Subject taking a polygraph test

In learning and development, we’re often tasked with solving problems. But how do we know that the client or stakeholder defining the problem is telling the truth? Are they trying to deceive, or are they deceiving themselves? What questions can we ask that could help us find out?

This week on the GoodPractice Podcast, Phil Willcox from the Emotion at Work podcast returns to the show to share his expertise with Ross G and Owen.

You can get the latest episode of the podcast using one of the following links.

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If you’d like to share your thoughts on the show, you can find Phil on Twitter @PhilWillcox, Ross @RossGarnerGP and Owen @OwenFerguson.

You can also tweet @GoodPractice or @GoodpracticeAus.

For an accessible introduction to ‘faces’ in self-deception, see:

A more academic look at self-deception can be found in the paper: Z. Chance, M.I. Norton, The What and Why of Self-Deception, COPSYC (2015), A draft version of this paper, available for free, can be found at:

And an in-depth look at self-deception and impression-management can be found here: Farrow, T. F., Burgess, J., Wilkinson, I. D., & Hunter, M. D. (2015). Neural correlates of self-deception and impression-management. Neuropsychologia67, 159-174. It is available from:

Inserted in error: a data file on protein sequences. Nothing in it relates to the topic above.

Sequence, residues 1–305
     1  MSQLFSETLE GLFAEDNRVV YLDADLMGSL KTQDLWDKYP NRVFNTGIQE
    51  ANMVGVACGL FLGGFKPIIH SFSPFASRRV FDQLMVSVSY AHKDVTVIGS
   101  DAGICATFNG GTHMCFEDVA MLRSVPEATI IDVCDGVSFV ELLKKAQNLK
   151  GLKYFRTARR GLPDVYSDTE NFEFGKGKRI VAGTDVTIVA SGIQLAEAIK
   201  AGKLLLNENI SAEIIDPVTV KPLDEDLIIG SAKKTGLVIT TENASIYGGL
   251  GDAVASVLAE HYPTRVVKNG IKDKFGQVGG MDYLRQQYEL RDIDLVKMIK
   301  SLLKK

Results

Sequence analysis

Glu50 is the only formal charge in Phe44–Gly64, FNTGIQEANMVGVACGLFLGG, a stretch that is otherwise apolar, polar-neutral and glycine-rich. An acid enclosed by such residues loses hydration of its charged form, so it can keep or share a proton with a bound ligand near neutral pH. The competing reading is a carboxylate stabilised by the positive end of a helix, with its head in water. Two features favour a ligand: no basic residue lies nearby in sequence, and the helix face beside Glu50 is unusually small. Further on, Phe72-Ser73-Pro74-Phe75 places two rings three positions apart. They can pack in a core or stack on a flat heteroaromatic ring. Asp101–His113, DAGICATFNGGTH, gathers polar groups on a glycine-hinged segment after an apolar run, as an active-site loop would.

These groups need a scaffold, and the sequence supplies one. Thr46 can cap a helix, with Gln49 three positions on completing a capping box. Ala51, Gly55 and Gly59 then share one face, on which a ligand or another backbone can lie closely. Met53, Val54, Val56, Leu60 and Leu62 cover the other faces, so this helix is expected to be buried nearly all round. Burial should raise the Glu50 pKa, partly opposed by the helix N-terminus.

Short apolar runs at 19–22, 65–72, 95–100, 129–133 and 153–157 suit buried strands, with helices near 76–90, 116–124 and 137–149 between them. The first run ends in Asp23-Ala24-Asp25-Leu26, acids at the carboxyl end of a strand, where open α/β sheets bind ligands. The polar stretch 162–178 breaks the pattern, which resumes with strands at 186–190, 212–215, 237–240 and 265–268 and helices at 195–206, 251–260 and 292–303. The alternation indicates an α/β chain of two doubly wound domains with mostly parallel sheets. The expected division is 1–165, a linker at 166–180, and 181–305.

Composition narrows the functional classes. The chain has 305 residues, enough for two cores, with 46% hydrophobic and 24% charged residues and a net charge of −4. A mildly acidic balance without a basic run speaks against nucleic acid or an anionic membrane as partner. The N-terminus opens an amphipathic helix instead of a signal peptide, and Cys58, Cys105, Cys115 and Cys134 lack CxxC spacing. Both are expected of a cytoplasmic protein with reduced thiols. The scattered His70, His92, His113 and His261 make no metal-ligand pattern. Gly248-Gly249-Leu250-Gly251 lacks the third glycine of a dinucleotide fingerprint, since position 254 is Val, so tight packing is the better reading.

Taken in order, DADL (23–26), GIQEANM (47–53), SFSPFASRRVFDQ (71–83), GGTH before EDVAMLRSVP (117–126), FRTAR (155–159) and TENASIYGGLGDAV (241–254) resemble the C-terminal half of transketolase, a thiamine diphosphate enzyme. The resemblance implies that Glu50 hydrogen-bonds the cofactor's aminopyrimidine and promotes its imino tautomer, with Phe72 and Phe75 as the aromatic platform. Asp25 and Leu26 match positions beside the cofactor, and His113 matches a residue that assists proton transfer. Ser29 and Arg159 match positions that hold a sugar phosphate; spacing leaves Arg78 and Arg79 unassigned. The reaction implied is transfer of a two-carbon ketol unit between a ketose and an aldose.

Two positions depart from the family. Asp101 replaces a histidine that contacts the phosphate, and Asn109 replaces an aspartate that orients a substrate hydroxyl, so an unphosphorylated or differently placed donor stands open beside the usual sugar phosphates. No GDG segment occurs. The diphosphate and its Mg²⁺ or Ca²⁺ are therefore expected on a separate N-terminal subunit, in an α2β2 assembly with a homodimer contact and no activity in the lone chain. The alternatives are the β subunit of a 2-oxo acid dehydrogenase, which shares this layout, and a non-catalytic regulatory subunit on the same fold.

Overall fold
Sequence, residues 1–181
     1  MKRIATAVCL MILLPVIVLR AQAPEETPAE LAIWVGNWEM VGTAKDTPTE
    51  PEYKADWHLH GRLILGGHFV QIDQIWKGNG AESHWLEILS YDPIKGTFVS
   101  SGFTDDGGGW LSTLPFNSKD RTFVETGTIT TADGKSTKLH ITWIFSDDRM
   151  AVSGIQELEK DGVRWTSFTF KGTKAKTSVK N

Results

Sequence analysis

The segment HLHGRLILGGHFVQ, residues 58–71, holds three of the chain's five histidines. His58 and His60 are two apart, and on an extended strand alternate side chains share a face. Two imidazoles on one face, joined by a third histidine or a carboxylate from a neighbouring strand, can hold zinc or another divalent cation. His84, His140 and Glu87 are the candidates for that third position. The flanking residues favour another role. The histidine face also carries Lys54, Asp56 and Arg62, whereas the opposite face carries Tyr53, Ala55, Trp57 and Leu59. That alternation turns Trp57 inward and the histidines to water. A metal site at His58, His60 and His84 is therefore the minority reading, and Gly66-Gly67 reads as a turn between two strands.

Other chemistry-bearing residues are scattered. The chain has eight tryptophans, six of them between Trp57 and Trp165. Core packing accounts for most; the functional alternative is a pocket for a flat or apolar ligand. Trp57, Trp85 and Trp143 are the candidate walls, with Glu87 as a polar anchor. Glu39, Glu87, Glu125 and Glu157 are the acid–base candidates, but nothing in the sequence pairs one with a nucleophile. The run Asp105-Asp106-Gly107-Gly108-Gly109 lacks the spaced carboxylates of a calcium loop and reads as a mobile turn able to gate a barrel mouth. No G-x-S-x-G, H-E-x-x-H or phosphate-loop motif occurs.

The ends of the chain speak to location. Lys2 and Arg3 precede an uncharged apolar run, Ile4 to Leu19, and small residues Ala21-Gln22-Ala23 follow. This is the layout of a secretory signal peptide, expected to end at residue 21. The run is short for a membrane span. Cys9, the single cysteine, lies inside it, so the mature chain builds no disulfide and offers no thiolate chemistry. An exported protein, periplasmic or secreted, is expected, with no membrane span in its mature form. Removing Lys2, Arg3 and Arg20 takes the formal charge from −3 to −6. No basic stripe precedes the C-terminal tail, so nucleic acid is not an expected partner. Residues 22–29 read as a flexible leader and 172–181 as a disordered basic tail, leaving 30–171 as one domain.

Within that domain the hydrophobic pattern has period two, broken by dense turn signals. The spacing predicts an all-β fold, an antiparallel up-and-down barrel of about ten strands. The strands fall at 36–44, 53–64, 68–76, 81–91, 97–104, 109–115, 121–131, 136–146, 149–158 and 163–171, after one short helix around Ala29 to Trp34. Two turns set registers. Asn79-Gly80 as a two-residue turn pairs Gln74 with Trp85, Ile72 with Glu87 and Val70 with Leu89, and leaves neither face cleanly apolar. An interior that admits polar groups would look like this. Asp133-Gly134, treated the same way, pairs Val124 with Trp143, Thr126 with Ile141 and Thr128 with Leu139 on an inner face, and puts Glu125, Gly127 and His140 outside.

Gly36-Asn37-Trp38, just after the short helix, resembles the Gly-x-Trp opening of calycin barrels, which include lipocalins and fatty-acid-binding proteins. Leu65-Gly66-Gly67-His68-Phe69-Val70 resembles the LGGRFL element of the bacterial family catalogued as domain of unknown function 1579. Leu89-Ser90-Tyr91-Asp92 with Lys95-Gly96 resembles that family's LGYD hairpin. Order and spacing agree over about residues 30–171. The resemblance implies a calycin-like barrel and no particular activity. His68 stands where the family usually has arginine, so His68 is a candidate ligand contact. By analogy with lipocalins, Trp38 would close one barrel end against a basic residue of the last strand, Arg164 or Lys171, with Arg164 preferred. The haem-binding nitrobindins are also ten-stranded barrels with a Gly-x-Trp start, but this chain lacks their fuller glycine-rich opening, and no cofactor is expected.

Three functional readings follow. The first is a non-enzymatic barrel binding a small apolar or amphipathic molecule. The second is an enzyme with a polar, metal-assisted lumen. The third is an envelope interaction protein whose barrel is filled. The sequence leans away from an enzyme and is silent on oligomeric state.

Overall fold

The Yes, Minister scene demonstrating leading questions is available on YouTube at: 

The Goffman animation Ross referenced is also available on YouTube:

The podcast Ross mentioned, No Such Thing As A Fish, is available on iTunes or here: 

32M’s microchipping party was covered by BBC News. You can watch the clip here and decide for yourself if it is a marketing gimmick: 

And, finally, our podcast on evidence-based practice is the most popular episode we’ve done. To find out more about ‘four types of evidence’, listen to it here: 

Image by Gabriel Rodríguez / CC BY-SA 2.0